An NT$300 billion (US$9.8 billion) national infrastructure program spanning the areas of renewable energy and preservation of water resources was unveiled March 20 by the Cabinet in Taipei City.
The near-decadelong program is part of the government's Perspective Infrastructure Construction Projects, which also covers balanced urban-rural development, digital facilities and rail tracks. All of the projects are expected to address Taiwan's infrastructure needs for the next 30 years.
Chen Tain-jy, minister of the National Development Council, said during the program's news conference that in the past few years there has been a shortfall in investment in public infrastructure projects. This undertaking will address this state of affairs and spur economic growth, he added.
Echoing Chen's remarks, Minister without Portfolio Wu Cheng-chung said the program's renewable energy initiatives focus on solar and wind power generation, as well as building Shalun Green Energy Science City in southern Taiwan's Tainan City. A proposal for SGESC was approved by the Executive Yuan in October 2016, and a preparatory office was established in November the same year.
According to Wu, domestic and foreign investment in the solar and wind power sectors is expected to hit NT$1.8 trillion by 2027, with the total for all renewable energy sources forecast to reach NT$3 trillion. He added that state-run Taiwan Power Co. is preparing for this increase by constructing new electricity networks to distribute the additional electricity to high-demand areas.
Minster of Economic Affairs Lee Chih-kung said the government has set a goal of installing ground-mounted and rooftop solar panels, as well as building coastal and offshore wind facilities with a combined capacity of 20 and 4.2 gigawatts, respectively, within the same period.
According to Lee, to fully develop Taiwan's offshore wind generation potential, a greater emphasis must be placed on marine construction and shipbuilding projects at major harbor areas in the central and southern parts of the country. These efforts are in line with the government's plans to increase renewable energy's share of the national power production total from the current 4 percent to 25 percent by 2025 while phasing out nuclear energy, he said.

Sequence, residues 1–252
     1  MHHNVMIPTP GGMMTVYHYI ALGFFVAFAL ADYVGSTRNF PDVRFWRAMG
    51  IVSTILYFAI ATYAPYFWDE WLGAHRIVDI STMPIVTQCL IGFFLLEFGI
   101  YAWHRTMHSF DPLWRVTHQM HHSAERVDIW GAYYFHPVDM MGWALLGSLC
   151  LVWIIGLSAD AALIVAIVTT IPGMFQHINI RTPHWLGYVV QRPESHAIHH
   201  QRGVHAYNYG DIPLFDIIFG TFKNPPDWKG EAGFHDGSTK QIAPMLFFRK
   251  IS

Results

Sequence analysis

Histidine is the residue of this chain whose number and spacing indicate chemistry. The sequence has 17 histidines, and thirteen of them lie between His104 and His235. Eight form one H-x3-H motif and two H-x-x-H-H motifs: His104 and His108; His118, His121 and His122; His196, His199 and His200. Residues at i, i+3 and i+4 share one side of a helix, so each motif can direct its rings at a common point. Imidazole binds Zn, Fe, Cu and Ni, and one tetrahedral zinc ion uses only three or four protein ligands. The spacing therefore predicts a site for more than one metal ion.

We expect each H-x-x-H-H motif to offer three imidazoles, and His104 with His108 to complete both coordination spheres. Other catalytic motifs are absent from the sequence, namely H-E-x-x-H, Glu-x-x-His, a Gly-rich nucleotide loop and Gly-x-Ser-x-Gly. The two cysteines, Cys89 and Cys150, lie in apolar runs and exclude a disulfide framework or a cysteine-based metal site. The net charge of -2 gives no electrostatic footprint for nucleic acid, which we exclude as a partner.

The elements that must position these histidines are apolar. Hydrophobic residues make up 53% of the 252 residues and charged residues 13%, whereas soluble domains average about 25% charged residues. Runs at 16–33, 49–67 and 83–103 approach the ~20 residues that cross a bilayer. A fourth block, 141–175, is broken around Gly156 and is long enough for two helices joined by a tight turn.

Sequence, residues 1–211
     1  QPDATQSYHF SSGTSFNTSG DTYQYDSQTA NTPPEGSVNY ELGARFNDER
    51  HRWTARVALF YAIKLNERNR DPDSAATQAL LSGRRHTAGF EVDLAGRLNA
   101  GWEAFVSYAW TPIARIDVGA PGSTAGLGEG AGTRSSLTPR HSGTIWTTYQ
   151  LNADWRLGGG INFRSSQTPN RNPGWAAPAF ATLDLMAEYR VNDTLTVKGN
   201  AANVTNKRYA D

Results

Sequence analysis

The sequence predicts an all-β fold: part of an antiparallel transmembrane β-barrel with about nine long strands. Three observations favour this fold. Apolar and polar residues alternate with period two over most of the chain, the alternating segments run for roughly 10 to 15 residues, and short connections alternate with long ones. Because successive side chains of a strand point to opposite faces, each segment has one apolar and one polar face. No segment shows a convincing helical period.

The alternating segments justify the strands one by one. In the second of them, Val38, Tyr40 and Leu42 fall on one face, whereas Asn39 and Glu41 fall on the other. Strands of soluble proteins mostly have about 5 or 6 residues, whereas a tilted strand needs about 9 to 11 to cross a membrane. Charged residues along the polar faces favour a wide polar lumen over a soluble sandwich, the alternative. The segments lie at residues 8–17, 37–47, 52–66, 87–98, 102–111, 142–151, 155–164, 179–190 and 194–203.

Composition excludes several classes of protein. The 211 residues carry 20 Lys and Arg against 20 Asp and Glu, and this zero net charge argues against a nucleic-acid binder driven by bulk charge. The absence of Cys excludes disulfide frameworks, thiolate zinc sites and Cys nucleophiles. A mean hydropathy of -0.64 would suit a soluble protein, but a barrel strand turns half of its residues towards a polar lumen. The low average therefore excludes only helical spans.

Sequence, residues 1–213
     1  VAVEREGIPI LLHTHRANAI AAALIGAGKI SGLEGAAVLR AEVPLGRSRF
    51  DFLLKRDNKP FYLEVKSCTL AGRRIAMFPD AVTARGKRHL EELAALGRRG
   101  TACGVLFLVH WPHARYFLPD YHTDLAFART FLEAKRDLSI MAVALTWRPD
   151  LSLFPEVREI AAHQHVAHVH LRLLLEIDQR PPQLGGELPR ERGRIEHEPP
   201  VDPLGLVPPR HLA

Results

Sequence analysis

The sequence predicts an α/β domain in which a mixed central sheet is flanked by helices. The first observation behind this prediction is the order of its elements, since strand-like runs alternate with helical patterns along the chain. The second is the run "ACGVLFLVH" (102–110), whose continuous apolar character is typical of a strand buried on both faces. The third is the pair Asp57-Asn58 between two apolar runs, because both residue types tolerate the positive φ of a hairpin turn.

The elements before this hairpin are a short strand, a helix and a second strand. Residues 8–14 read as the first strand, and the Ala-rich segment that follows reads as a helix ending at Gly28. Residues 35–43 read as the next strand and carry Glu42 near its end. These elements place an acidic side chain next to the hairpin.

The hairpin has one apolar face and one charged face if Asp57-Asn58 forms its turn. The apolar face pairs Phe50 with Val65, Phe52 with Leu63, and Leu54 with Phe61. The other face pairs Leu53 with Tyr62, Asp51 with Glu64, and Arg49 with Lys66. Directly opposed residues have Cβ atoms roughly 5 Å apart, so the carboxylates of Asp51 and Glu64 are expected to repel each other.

Regarding water resources, Lee said construction projects include building artificial lakes, small dams and 250 kilometers of underground tunnels for rainwater, as well as upgrading existing reservoirs and seaside embankments so as to minimize the impacts of droughts and floods. As a result, it is expected that up to 200 square kilometers of land will experience fewer floods, he added.
Other planned water resources-related initiatives include constructing 88 riverside sightseeing areas over 420 hectares around the country, expanding water supplies to Taiwan's outlying islands, encouraging the use of recycled water and deep-well seawater, and promoting smart water management and saving practices.
According to the Cabinet, the digital facilities component of the projects will be announced March 21, with balanced urban-rural development and rail tracks set for unveiling over the next few days.
Source: Taiwan Today